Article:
Introduction to VBA Random Numbers

VBA Rnd Function

VBA Randomize Statement

Custom Random Number Generator Functions

Closing Thoughts

**Introduction to VBA Random Numbers**

You can generate random numbers in VBA by using the **Rnd** function. All random number generators rely on an underlying algorithm, usually fed by what’s called a **seed number.** You can use the **Randomize** statement to create a new seed number to ensure your random numbers don’t follow a predictable pattern.

I’ll show you what I mean in this tutorial.

**VBA Rnd Function**

The VBA Rnd function produces a random number between 0 and 1, excluding exactly 1. Here’s a basic example:

```
Sub RandomNumberGenerator()
r = Rnd
End Sub
```

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The **Rnd** function accepts an optional argument, like this: `Rnd[Number]`

.

**If you pass the function a number less than 0**, it will generate the same random number, using whatever negative value you pass it as the seed number.

**If you pass it a 0**, it will repeat the most recent random number the function gave you. In other words, each time you run it with a 0, it will give you the same number corresponding to the last answer it gave you.

**If you omit the argument or pass the function a number greater than 0**, it will simply give you a new random number - the next random number in the sequence.

I know it sounds odd to say *the next random number in the sequence*. It implies the the random numbers aren’t really random. Well, they aren’t.

Remember in my introduction when I said random number generators rely on an underlying algorithm fed by seed numbers? The VBA Rnd function is no exception. If you don’t pass the Rnd function an argument, it will produce the exact same random numbers each time you restart Excel and execute it. Don’t believe me? I’ll prove it.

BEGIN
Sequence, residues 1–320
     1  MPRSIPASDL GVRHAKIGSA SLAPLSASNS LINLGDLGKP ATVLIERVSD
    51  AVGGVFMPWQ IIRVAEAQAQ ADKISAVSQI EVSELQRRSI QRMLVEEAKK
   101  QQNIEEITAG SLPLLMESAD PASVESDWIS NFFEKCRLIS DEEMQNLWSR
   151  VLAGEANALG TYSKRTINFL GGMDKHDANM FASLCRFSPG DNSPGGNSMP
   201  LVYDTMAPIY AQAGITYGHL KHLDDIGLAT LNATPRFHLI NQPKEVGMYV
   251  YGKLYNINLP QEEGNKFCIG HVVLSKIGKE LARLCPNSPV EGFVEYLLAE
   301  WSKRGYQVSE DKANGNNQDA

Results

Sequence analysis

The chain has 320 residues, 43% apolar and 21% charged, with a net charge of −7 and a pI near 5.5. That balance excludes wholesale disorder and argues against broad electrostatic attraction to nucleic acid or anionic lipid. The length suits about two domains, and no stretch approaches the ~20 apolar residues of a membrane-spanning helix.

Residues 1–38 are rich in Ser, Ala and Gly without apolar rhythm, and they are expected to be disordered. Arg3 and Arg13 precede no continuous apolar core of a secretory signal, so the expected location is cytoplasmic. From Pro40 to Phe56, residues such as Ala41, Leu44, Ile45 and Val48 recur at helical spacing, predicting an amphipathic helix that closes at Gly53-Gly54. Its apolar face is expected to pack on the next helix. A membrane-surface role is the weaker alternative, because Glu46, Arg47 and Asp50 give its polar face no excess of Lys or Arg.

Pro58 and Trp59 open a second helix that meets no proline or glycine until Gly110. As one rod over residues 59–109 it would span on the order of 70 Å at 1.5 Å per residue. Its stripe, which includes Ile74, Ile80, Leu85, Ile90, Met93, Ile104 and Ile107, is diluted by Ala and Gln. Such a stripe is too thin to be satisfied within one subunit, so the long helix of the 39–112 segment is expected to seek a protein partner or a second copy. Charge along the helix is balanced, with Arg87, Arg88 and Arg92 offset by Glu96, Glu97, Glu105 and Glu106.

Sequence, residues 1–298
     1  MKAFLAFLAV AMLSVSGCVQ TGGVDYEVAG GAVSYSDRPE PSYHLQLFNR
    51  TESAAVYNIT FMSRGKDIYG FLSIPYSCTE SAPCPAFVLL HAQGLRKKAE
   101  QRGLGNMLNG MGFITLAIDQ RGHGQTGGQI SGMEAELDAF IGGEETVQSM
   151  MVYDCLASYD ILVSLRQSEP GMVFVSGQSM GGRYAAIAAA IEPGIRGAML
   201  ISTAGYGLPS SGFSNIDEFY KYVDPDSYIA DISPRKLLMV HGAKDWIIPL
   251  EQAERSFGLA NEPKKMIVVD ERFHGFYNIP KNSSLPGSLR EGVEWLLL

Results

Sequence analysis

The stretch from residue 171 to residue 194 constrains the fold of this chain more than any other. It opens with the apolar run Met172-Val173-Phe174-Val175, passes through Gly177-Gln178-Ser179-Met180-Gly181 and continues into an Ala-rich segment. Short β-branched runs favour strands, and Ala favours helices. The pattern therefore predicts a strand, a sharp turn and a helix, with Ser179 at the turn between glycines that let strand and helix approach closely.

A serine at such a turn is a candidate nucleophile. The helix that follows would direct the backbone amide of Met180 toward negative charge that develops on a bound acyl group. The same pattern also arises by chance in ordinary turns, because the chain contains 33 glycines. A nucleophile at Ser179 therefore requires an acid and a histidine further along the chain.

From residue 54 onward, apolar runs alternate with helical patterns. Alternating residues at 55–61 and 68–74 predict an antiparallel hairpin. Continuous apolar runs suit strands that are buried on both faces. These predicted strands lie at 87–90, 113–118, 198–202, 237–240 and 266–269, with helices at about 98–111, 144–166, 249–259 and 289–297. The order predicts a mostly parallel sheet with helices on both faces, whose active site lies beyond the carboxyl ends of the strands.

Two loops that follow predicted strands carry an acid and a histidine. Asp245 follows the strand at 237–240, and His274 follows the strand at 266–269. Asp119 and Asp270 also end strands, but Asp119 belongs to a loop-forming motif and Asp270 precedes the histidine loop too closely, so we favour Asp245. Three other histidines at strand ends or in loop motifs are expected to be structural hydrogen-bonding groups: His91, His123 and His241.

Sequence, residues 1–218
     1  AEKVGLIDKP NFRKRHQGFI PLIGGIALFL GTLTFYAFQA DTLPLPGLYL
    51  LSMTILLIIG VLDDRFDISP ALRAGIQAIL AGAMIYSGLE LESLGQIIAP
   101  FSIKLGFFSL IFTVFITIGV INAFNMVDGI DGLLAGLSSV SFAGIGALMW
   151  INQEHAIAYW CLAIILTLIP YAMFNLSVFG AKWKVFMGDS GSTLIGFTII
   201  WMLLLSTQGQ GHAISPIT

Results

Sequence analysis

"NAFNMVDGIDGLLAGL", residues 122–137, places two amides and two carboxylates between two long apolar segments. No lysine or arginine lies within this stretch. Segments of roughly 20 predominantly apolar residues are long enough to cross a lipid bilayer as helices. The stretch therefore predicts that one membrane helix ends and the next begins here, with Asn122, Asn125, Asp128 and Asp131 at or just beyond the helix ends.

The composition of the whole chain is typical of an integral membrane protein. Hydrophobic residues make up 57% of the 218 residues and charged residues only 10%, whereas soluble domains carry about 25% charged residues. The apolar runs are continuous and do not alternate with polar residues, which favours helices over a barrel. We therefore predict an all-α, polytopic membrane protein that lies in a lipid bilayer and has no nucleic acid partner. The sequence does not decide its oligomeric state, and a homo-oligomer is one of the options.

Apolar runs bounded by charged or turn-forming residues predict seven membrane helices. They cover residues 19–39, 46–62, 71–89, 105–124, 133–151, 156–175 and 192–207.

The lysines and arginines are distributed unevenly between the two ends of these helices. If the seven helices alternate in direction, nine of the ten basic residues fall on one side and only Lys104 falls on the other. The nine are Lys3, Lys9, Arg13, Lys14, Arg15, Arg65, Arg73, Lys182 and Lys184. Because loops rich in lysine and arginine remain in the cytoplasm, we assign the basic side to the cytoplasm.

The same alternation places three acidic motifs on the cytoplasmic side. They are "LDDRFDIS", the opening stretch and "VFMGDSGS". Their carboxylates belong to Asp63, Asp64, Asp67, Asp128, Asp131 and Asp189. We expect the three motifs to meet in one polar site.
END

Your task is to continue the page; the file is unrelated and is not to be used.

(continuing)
Exit Excel, open it again, and run the following macro 3 times:

```
Sub RandomNumberGenerator()
Debug.Print Rnd
End Sub
```

When I do it, it produces these results:

```
0.7055475
0.533424
0.5795186
```

Now, exit Excel again, open it again and run the exact same macro 3 more times. You’ll get the same results again:

```
0.7055475
0.533424
0.5795186
```

That doesn’t seem very random, does it? It’s not! Fortunately, there’s a way to make it more random by using the **Randomize** statement.

**VBA Randomize Statement**

The **Randomize** statement is a simple one liner that gives the Rnd function a new seed number based on your computer’s system timer. It’s really simple to use! All you have to do is type `Randomize`

on a line in your macro, like this:

```
Sub RandomNumberGenerator()
Randomize
r = Rnd
End Sub
```

You can pass Randomize an argument, but let’s not worry about that.

Because Randomize creates a new seed number based on your computer’s system time and the system time is always changing, you have eliminated the likelihood of producing random numbers in a predictable pattern.